BANJUL, Gambia — Gambia’s president has declared a moratorium on the death penalty, calling it a “first step toward abolition.”
President Adama Barrow announced the moratorium while addressing a large crowd gathered Sunday for the country’s independence anniversary.
This tiny West African nation is emerging from 22 years of dictatorship that were marked by arbitrary arrests, enforced disappearances and extrajudicial killings. Gambia made headlines in August 2012 when ex-dictator Yahya Jammeh defied international appeals when he ordered the execution of nine prisoners on death row saying it was a move to curb the country’s rising crime rate.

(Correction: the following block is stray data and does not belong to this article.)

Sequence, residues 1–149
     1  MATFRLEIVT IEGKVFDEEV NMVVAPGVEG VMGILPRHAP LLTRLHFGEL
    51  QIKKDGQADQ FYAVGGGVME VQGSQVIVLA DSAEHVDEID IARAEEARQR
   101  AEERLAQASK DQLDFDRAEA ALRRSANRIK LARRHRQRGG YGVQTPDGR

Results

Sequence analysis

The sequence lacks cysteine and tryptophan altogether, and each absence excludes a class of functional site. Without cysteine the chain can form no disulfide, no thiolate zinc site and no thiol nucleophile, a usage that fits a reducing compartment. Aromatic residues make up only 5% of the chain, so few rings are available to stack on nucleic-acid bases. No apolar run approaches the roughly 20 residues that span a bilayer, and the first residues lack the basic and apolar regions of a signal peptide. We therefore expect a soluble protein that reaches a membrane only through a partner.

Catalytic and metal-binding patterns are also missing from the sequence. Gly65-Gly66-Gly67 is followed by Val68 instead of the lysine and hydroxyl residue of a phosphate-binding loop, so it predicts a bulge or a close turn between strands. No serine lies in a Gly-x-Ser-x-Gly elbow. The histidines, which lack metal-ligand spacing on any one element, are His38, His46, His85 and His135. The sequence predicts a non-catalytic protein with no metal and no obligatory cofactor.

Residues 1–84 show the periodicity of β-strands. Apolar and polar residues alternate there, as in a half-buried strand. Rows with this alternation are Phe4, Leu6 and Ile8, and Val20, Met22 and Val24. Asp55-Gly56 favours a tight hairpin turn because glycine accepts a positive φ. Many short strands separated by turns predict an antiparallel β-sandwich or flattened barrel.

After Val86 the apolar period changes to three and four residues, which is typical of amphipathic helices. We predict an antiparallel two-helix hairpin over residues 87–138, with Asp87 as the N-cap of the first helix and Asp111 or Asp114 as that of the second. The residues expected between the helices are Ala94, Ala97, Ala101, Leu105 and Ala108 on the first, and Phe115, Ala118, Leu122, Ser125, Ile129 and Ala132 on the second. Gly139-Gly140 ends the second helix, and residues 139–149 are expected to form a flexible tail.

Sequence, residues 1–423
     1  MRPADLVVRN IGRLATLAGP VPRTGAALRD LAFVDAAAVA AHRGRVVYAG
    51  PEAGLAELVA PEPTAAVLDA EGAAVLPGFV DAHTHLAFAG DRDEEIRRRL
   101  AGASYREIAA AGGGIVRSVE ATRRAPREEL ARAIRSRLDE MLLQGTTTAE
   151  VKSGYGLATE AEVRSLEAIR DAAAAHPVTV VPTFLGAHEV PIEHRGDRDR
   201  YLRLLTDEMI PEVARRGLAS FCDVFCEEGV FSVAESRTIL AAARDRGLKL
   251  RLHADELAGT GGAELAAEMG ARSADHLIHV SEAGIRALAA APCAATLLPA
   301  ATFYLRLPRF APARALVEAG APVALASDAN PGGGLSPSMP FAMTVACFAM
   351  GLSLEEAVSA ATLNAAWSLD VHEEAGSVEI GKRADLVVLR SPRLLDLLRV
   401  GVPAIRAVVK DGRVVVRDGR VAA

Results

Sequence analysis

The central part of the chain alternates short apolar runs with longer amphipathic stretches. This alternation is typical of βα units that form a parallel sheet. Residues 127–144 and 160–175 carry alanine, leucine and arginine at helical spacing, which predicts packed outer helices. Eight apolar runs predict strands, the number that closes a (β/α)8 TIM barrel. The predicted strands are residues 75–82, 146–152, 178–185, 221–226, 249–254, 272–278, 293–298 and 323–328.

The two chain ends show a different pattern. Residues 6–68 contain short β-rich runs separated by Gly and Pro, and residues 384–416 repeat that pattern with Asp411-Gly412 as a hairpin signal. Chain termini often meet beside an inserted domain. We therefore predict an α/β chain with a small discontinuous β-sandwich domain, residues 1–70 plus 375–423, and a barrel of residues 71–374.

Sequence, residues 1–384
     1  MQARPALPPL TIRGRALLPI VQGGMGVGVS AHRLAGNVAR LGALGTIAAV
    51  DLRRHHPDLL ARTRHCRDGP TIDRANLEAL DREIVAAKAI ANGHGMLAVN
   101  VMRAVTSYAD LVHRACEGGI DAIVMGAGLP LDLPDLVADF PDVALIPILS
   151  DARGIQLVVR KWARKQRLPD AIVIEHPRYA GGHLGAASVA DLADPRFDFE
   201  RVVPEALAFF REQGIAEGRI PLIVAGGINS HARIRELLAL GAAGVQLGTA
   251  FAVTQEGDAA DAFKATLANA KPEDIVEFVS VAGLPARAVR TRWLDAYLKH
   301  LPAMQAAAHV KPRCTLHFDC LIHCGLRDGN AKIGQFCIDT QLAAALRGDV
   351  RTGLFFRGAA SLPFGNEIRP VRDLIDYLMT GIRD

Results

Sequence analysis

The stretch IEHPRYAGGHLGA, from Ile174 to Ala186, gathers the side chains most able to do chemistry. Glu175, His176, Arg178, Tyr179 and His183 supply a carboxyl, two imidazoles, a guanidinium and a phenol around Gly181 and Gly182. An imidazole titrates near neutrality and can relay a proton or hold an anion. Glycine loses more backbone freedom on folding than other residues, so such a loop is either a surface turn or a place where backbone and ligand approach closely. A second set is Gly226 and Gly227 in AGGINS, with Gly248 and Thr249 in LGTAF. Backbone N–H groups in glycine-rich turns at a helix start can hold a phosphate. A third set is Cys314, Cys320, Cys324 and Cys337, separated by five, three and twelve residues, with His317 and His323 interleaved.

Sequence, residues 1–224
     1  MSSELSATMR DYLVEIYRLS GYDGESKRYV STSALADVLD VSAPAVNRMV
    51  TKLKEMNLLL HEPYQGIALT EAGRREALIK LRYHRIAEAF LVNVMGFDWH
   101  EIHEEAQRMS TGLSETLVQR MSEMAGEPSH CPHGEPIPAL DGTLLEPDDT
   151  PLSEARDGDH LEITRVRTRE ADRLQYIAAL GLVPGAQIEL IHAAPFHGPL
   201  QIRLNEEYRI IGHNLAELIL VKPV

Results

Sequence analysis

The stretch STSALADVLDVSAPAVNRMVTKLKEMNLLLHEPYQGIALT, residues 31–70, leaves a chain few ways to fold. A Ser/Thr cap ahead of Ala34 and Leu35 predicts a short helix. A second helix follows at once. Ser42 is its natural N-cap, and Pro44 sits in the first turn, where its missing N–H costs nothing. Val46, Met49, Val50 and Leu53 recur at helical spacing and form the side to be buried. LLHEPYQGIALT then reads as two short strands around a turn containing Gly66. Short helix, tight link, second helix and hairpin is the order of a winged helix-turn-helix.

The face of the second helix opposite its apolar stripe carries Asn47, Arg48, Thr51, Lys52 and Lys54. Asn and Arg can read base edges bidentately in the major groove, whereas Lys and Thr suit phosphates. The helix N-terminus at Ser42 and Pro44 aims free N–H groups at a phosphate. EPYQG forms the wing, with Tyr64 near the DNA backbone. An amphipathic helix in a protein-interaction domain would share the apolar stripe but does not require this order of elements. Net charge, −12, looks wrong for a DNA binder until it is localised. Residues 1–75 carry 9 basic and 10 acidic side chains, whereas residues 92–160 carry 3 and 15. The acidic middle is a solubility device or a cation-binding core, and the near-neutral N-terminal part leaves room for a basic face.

Now Barrow’s one-year-old government has begun judicial and constitutional reforms. The parliament is in the process of enacting legislation to establish a Truth, Reconciliation and Reparation Commission and a Human Rights Commission.
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